Both were named broadcast analysts on Wednesday.
The 36-year-old Harrison, often called the NFL's dirtiest player, retired Wednesday after 15 seasons.
He was a three-time All-Pro and a two-time Super Bowl champion in six seasons with the Patriots after playing his first nine years with the San Diego Chargers.
Harrison finished his career with 1,205 tackles, 34 interceptions and 30 1/2 sacks, making him the only player ever with 30 sacks and 30 interceptions in a career.
Dungy retired from the Colts at the end of the 2008-09 after qualifying for the playoffs in each of the last 10 seasons, seven with Indianapolis and three with Tampa Bay.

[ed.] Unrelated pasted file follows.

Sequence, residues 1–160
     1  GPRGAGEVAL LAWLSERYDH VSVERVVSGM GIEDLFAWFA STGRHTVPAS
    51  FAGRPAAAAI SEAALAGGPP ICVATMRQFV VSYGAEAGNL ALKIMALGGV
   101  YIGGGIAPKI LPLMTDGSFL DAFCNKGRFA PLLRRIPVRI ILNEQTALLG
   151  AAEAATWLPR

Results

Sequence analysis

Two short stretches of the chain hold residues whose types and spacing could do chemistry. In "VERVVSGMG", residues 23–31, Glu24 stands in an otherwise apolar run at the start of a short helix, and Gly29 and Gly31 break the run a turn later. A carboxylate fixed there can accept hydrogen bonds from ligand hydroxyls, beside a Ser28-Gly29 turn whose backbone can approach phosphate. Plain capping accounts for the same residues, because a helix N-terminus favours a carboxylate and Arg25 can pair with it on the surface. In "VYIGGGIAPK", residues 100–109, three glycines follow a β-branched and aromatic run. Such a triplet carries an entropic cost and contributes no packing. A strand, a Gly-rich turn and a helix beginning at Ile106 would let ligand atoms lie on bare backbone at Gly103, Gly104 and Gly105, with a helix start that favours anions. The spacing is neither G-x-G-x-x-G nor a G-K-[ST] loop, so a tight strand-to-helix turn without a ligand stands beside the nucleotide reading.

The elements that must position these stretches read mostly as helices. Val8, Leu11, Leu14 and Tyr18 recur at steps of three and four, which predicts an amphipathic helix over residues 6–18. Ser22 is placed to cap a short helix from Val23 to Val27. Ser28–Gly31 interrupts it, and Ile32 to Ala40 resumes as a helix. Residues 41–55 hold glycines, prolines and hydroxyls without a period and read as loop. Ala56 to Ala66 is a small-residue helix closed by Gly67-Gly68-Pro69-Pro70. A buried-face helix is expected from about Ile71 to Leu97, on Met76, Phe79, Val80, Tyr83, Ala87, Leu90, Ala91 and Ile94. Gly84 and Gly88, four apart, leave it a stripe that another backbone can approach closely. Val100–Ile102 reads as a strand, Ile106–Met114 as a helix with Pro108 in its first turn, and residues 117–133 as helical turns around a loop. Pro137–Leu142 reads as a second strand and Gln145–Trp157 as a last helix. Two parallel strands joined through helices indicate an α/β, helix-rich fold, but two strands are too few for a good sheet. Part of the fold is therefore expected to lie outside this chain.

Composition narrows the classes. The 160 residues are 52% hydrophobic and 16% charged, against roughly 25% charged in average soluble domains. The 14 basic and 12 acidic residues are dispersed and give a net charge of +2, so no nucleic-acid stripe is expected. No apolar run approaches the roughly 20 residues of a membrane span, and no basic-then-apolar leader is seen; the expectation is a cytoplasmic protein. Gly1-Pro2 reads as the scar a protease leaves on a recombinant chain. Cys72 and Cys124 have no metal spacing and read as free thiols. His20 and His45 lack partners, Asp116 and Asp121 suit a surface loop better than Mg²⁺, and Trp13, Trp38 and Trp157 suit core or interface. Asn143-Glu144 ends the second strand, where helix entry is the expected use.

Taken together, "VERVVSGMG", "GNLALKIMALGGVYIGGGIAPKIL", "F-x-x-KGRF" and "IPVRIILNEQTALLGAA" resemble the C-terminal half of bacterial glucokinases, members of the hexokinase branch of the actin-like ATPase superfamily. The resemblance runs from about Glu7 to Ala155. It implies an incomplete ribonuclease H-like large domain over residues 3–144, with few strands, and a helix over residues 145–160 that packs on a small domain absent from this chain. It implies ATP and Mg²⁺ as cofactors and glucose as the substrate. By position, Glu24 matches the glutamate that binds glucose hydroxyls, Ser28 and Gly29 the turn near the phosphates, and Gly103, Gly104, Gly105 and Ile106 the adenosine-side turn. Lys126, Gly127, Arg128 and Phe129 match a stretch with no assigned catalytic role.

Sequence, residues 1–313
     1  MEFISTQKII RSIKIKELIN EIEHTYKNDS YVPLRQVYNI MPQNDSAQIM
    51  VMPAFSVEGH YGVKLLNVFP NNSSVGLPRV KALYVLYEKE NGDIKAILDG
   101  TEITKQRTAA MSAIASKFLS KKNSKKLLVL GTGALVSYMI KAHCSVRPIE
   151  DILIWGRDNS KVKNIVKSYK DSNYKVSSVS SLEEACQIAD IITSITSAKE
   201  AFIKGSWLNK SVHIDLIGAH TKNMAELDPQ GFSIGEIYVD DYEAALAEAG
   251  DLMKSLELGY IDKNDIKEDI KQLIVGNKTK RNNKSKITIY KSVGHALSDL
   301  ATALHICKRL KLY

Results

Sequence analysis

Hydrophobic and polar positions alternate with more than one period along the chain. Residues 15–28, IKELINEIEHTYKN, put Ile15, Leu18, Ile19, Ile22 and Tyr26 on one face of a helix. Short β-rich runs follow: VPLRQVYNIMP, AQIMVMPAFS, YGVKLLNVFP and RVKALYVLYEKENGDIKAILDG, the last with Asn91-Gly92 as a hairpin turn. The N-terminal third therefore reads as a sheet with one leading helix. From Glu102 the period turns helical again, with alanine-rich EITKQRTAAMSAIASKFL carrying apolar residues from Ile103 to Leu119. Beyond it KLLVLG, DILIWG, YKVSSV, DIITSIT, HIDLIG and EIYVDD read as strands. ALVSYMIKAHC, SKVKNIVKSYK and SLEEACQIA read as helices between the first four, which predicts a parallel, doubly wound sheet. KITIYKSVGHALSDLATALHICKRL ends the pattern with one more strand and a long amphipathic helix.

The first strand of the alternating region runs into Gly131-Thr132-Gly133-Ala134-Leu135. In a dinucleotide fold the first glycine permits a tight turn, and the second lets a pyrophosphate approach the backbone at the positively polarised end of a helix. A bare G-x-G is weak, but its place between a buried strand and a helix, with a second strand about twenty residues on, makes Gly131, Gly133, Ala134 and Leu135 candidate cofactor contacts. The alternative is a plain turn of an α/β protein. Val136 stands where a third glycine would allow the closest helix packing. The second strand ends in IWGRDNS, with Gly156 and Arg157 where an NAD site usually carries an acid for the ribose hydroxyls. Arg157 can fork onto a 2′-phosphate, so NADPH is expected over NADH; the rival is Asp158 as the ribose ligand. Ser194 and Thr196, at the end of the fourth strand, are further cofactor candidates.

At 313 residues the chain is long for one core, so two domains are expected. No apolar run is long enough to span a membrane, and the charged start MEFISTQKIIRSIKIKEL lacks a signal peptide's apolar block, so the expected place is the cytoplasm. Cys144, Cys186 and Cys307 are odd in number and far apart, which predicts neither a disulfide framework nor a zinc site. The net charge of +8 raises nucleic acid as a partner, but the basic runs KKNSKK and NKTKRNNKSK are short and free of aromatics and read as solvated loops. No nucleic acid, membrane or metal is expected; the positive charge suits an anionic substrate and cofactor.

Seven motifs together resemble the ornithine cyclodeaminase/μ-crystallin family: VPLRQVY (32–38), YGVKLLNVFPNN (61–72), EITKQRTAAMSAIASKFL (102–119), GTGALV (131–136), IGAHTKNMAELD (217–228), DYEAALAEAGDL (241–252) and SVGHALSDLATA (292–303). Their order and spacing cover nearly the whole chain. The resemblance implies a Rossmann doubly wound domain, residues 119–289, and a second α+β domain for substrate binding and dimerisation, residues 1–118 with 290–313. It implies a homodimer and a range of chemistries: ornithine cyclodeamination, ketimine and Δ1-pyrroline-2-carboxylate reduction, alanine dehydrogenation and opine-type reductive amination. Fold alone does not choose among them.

"It's a remarkable feat that Tony's teams made the playoffs for 10 straight seasons, given that he was playing a first-place schedule most years and under a salary cap," NBC Sports Dick Ebersol said during a conference call.
"If I were running a team, what I know about (former Atlanta quarterback) Michael Vick and what I've seen from him, I would definitely give him an opportunity to play," Dungy, an ordained minister, said.
Vick was suspended after a dogfighting conviction and is under house arrest in Surry County, Virginia.